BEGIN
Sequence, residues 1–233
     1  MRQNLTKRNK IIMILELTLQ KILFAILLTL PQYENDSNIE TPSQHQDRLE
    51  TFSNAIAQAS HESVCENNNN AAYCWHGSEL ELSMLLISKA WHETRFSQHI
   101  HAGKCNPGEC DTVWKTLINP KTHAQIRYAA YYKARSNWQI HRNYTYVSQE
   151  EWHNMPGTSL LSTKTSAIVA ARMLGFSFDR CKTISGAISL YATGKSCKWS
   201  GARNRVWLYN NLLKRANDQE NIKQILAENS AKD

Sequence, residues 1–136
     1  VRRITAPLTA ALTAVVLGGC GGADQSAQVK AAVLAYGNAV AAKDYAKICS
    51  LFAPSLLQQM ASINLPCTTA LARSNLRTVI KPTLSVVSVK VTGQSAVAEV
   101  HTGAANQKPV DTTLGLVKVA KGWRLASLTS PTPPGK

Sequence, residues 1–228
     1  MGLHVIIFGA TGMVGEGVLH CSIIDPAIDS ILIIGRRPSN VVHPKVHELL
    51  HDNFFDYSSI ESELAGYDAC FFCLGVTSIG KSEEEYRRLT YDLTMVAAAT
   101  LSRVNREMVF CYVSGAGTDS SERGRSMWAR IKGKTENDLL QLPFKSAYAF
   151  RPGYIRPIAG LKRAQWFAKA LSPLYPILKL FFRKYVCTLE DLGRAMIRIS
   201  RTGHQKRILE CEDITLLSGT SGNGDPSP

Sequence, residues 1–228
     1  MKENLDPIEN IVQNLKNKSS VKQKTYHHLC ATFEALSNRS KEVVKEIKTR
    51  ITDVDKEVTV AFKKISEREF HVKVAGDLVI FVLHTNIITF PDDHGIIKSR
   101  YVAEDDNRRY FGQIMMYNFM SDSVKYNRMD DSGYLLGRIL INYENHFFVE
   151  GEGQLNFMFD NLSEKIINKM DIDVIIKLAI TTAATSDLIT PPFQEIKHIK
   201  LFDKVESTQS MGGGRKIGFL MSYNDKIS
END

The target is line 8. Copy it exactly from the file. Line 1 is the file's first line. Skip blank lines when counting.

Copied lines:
     1  VRRITAPLTA ALTAVVLGGC GGADQSAQVK AAVLAYGNAV AAKDYAKICS